Sheep at solar array

A flock of sheep chews away the weeds that grow underneath one of Tucson Electric Power’s solar arrays instead of lawn mowers, spray or weed trimmers, demonstrating one way TEP supports eco-friendly practices.

“To make sure our large solar array gets plenty of sun, we can’t let the weeds grow too high. That’s where the sheep come in,” said Ericca Suarez, a Technical Specialist in Renewable Energy. “It really is more sustainable to use the sheep.”

Roughly 100 sheep at any given time dwell at the Red Horse array near Willcox where they eat tumbleweeds, grass and other weeds under the photovoltaic panels, which automatically tilt throughout the day to follow the sun.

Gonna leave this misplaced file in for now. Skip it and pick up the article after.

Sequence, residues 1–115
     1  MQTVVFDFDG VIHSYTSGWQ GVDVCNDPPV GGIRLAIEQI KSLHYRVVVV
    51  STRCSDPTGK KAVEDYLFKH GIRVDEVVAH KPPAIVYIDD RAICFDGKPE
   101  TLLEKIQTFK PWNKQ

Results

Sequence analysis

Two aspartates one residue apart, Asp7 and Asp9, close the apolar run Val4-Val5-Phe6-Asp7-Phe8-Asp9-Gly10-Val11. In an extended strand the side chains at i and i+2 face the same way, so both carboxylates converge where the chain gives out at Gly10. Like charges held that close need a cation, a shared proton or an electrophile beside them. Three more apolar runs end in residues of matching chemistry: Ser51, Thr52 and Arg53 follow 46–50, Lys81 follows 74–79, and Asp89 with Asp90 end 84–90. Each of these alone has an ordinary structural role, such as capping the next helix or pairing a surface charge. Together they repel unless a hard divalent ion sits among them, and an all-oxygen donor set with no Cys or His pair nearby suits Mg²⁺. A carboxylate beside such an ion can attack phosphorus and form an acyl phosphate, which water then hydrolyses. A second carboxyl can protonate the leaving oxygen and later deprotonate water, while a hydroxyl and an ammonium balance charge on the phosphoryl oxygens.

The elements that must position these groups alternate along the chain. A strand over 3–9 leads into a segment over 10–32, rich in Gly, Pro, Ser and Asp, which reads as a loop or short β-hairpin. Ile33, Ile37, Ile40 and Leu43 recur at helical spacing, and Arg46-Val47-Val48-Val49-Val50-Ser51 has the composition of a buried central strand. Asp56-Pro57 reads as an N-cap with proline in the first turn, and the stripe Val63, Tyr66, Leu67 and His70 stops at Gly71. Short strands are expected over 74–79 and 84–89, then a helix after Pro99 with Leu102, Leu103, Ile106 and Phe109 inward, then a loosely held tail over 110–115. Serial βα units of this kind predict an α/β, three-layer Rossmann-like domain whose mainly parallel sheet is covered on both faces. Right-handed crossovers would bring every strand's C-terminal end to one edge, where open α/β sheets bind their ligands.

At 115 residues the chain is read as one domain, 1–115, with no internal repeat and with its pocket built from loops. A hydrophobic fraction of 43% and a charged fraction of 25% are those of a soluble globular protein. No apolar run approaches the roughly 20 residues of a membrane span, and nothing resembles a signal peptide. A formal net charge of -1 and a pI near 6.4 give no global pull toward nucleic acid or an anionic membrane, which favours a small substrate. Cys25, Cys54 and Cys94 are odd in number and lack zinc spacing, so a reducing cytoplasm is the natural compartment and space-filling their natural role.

The sheep are featured in TEP print advertisements and a television commercial, which has been airing since March, called “Down on the Solar Farm.”

Rancher Rusty Cocke manages the herd to keep the panels productive while preventing damage to the 1,200-acre site. A donkey and a dog accompany the sheep to keep away the coyotes.

The sheep have lived for about two years at Red Horse, a 51-megawatt solar array. A 30-megawatt wind facility sits on the mountain ridge next to the solar field.

Suarez said TEP is considering bringing in sheep to clear land at other solar arrays in the future. See a list of TEP’s solar and renewable energy sites and a map of their locations.

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